Doric String Quartet with Benjamin Grosvenor, piano  

NEC's Jordan Hall

The Doric String Quartet—heard for the first time on the Debut Series in 2018—is a leading quartet of its generation, receiving enthusiastic responses from audiences and critics across the globe. With past performances in leading concert halls like the Berlin Konzerthaus, the Louvre, and Carnegie Hall, as well as regular performances at Wigmore Hall, we look forward to welcoming the Quartet back to perform Beethoven’s “Serioso” Quartet and Haydn’s “Frog” Quartet at Jordan Hall this season.

Pianist Benjamin Grosvenor—a Debut Series alumnus from 2013—joins the Quartet for British composer Frank Bridge’s Quintet in D minor, written in 1904-05. Grosvenor “commands the stage with aristocratic ease” and “makes you sigh with joy” wrote The New York Times. He has been busy since his last Boston appearance, appearing as an orchestral soloist and recitalist across Europe and the United States, serving as an artist in residence at Wigmore Hall in 2021/22, and releasing recordings of Chopin, Liszt, and more on Decca Classics.

Experience this collaboration that’s sure to amaze!

Program Details

Ever since Haydn refined the string quartet as a genre, it has been a vessel for experimentation. Beethoven, in writing his 11th string quartet, “Serioso,” took full advantage of this tradition. Technically written during his middle period, the quartet features much of what characterizes his late period works: the piece interrogates the listener, placing the burden of intelligibility firmly in their hands. In fact, Beethoven, who experimented with his string quartets more than any other composer of the Classical era, felt audiences wouldn’t be ready to hear this quartet. It was “never to be performed in public,” he wrote in one letter in 1816, a telling observation given that Beethoven composed the quartet in 1810. Its challenge to the listener is clear, especially to those used to standard early 19th-century music.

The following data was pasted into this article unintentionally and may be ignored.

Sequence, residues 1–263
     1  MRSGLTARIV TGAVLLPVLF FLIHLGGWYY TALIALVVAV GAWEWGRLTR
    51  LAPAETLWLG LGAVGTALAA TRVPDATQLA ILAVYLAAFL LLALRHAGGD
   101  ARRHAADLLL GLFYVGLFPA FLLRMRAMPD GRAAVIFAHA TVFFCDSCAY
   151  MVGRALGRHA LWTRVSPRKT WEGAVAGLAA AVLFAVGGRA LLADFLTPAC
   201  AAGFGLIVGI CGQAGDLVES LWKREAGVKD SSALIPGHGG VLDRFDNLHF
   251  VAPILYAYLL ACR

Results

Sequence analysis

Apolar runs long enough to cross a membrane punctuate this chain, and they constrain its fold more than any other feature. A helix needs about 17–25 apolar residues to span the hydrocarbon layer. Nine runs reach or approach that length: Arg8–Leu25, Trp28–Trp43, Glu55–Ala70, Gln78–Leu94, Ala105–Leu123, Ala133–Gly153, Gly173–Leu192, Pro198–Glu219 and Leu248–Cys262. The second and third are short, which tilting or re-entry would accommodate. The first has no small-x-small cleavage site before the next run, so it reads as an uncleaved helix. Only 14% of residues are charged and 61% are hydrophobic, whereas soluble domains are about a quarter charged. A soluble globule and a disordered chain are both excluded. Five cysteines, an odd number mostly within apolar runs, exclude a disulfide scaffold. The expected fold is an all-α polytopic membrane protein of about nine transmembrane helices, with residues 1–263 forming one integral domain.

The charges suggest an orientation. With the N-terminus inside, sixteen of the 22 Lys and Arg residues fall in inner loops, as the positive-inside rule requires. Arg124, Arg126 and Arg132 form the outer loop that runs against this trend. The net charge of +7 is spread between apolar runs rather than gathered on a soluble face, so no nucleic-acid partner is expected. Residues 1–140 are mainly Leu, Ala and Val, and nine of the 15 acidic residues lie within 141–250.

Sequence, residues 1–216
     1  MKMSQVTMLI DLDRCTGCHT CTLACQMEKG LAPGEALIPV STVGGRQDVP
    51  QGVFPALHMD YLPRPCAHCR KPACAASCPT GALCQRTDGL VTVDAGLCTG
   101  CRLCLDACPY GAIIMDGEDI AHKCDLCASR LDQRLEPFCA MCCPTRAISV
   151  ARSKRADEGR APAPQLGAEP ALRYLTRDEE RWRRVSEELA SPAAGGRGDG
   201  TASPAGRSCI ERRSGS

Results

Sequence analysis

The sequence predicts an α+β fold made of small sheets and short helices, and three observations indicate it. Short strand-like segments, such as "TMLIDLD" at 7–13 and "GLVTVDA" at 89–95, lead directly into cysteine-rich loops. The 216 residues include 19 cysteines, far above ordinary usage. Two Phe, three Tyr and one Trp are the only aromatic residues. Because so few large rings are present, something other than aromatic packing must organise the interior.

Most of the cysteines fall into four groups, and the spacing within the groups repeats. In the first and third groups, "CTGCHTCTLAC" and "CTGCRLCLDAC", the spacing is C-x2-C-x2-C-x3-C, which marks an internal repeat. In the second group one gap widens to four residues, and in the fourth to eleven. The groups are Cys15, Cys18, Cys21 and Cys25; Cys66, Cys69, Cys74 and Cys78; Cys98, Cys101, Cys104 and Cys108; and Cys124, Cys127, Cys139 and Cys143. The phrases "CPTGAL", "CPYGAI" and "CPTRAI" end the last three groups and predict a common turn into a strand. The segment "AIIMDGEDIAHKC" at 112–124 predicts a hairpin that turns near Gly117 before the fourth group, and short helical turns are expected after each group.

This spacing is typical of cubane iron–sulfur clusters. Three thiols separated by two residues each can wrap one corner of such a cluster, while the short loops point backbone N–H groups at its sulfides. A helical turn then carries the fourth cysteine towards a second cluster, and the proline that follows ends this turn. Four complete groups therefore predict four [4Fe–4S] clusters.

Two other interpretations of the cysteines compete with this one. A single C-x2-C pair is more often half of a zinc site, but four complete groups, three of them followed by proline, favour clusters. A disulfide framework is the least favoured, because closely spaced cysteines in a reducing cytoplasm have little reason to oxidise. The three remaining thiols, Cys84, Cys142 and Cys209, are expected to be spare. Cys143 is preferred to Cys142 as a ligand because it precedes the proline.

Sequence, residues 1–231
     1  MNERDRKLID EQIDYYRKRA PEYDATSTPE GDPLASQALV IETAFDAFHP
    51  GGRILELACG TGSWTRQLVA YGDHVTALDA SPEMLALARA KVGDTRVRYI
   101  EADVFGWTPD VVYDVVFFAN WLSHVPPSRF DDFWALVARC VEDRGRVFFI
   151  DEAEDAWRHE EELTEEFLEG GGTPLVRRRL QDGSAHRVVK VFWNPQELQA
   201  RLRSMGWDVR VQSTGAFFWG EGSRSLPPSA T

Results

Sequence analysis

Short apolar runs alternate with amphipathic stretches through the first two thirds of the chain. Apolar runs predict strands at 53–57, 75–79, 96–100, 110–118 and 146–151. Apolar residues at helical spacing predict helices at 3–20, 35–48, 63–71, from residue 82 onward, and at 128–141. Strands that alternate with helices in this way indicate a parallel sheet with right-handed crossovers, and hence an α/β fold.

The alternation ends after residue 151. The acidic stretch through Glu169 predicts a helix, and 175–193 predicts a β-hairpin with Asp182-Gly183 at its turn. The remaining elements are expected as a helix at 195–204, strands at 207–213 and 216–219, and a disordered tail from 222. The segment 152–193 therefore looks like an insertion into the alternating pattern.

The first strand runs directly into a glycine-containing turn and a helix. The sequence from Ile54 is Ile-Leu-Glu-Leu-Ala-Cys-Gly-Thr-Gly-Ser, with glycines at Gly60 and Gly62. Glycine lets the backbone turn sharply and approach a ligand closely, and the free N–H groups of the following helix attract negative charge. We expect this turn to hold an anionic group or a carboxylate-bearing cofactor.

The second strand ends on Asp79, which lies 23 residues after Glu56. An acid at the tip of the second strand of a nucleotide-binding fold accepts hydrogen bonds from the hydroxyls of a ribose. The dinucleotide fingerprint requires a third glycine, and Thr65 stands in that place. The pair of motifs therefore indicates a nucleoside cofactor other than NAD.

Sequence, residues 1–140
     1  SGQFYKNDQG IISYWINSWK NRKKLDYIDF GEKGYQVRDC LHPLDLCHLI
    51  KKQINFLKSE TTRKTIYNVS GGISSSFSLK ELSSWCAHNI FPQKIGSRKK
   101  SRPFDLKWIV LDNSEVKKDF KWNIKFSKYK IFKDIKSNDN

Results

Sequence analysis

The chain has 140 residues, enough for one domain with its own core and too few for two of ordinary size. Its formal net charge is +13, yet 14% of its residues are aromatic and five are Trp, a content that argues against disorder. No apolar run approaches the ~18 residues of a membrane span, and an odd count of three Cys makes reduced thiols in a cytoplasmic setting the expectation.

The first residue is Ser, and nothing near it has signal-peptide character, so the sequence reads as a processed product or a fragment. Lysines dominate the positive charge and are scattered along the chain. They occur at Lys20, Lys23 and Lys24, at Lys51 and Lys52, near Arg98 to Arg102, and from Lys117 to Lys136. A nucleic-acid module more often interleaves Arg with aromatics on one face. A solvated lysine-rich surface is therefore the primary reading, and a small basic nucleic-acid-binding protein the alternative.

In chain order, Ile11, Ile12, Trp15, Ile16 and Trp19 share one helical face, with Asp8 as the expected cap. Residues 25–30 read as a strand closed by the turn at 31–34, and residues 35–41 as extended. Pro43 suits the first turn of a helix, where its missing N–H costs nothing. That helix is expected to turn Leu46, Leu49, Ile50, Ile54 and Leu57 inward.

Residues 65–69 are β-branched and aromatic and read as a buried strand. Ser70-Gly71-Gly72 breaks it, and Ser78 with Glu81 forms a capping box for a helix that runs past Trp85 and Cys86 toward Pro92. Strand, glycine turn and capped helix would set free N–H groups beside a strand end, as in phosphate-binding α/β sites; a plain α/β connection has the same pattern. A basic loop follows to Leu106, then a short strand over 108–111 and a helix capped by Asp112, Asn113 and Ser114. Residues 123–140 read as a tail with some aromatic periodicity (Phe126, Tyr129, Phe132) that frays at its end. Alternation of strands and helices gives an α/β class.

The first movement, marked by Beethoven’s trademark suddenness throughout, is the thesis statement for the entire piece, marking its ambition to drastically compress what is expected in a string quartet. The remarkably short movement shifts between intense unisons and sweetly lyrical passages without much transition. Though in sonata form, the exposition is not repeated, the development section is so short that every change feels abrupt, and the recapitulation is a frantic restatement that is unceremoniously severed before a coda that leaves the listener with the feeling that more should have been written.

Although the first movement feels like a tangled ball of circuitous themes, it is anchored by a simple four-note motif that most of its material springs from: the D-flat / C / D / E grouping that first appears as four staccato notes concluding the first phrase of the piece. These four notes also inform the material of the more consistently lyrical second movement, providing a sense of long form continuity after a shocking start. In relation to the preceding movement, the Allegretto feels like a resting place, but the densely textured fugue at the center again demands the listener’s attention. Lyricism returns toward the end of the movement, but just as the music feels it has resolved, a dissonant chord unsettles the piece, pushing it toward a moment of transition.